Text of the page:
Specify the -n option when starting rpc.gssd if you'd like to force the
       root  user  to  obtain  a  user  credential  rather  than use the local
       system's machine credential.

       When -n is specified, the kernel continues to  request  a  GSS  context
       established  with  a  machine  credential for NFSv4 operations, such as
       SETCLIENTID or RENEW, that manage state.  If rpc.gssd cannot  obtain  a
       machine  credential  (say,  the  local  system  has  no  keytab), NFSv4
       operations that require machine credentials will fail.

   Encryption types
       A realm administrator can choose to add keys encoded  in  a  number  of
       different encryption types to the local system's keytab.  For instance,
       a host/ principal might  have  keys  for  the  aes256-cts-hmac-sha1-96,
       aes128-cts-hmac-sha1-96,  des3-cbc-sha1,  and  arcfour-hmac  encryption
       types.  This permits rpc.gssd to choose an appropriate encryption  type
       that the target NFS server supports.

       These  encryption  types are stronger than legacy single-DES encryption
       types.  To interoperate in environments where servers support only weak
       encryption  types,  you can restrict your client to use only single-DES
       encryption types by specifying the -l option when starting rpc.gssd.

OPTIONS

       -D     DNS Reverse lookups are not  used  for  determining  the  server
              names  pass to GSSAPI. This option will reverses that and forces
              the use of DNS Reverse resolution of the server's IP address  to
              retrieve the server name to use in GSAPI authentication.

       -f     Runs  rpc.gssd  in the foreground and sends output to stderr (as
              opposed to syslogd)

       -n     When specified, UID 0 is forced to obtain user credentials which
              are used instead of the local system's machine credentials.

       -k keytab
              Tells rpc.gssd to use the keys found in keytab to obtain machine
              credentials.  The default value is /etc/krb5.keytab.

       -l     When  specified,  restricts  rpc.gssd  to   sessions   to   weak
              encryption  types such as des-cbc-crc.  This option is available
              only when the local system's Kerberos library supports  settable
              encryption types.

       -p path
              Tells rpc.gssd where to look for the rpc_pipefs filesystem.  The
              default value is /var/lib/nfs/rpc_pipefs.

       -d search-path
              This option specifies a colon separated list of directories that
              rpc.gssd  searches  for  credential files.  The default value is
              /tmp:/run/user/%U.  The literal sequence "%U" can  be  specified
              to  substitue the UID of the user for whom credentials are being
              searched.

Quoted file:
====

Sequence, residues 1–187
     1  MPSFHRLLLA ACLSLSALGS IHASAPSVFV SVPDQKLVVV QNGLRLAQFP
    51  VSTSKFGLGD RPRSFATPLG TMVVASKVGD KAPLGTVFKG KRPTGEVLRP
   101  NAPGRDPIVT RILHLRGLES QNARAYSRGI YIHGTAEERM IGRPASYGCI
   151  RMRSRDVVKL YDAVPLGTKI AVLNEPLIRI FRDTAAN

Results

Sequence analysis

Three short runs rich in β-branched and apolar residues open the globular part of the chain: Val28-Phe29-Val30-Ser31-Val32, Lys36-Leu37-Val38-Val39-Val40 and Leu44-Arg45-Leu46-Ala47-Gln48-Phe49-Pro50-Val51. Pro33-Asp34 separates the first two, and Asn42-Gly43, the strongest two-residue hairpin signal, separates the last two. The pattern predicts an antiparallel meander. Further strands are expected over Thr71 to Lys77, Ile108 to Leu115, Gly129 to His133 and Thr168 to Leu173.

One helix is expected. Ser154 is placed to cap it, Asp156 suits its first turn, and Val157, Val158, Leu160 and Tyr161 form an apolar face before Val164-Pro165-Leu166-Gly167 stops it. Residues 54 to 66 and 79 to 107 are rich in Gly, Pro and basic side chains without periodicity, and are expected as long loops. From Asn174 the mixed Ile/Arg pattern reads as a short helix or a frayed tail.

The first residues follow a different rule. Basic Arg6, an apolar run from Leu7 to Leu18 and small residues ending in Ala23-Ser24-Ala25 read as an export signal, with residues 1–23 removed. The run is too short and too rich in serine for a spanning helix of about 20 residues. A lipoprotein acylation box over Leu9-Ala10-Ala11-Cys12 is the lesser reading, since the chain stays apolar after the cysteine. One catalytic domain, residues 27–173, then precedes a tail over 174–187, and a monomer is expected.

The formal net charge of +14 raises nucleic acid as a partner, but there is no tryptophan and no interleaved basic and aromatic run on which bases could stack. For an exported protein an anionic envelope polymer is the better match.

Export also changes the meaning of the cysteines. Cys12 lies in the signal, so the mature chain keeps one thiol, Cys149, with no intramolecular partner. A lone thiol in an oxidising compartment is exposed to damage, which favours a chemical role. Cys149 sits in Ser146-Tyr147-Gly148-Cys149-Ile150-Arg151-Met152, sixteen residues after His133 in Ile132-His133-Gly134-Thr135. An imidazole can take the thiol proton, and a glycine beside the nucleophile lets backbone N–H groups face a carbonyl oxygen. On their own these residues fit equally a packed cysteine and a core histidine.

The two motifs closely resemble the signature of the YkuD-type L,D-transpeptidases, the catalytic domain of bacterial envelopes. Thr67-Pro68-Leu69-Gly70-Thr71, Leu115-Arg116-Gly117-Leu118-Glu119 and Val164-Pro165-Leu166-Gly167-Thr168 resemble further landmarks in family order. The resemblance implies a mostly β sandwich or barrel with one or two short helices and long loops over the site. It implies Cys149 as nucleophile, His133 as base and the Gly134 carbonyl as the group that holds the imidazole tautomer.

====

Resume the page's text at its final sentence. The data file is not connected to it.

-M     By default, machine credentials are stored in files in the first
              directory  in  the  credential directory search path (see the -d
              option).  When -M is set, rpc.gssd stores machine credentials in
              memory instead.

       -v     Increases the verbosity of the output (can be specified multiple
              times).

       -r     If  the  RPCSEC_GSS  library  supports  setting   debug   level,
              increases the verbosity of the output (can be specified multiple
              times).

       -R realm
              Kerberos tickets from this realm will be preferred when scanning
              available  credentials  cache  files  to  be  used  to  create a
              context.  By default, the default realm, as  configured  in  the
              Kerberos configuration file, is preferred.

       -t timeout
              Timeout, in seconds, for kernel GSS contexts. This option allows
              you to force new kernel contexts to be negotiated after  timeout
              seconds,  which  allows changing Kerberos tickets and identities
              frequently.  The default is no explicit timeout, which means the
              kernel  context  will  live the lifetime of the Kerberos service
              ticket used in its creation.

       -e     Return EACCESS instead of EKEYEXPIRED when a user's  credentials
              expire.   Returning  EKEYEXPIRED  was  introduced  around kernel
              2.6.34  and  causes  all  nfs4  I/O  to  block  when  a   user's
              credentials expire. This option reverts to old bevavior.

SEE ALSO

       rpc.svcgssd(8), kerberos(1), kinit(1), krb5.conf(5)

AUTHORS

       Dug Song <dugsong@umich.edu>
       Andy Adamson <andros@umich.edu>
       Marius Aamodt Eriksen <marius@umich.edu>
       J. Bruce Fields <bfields@umich.edu>

                                  20 Feb 2013                      rpc.gssd(8)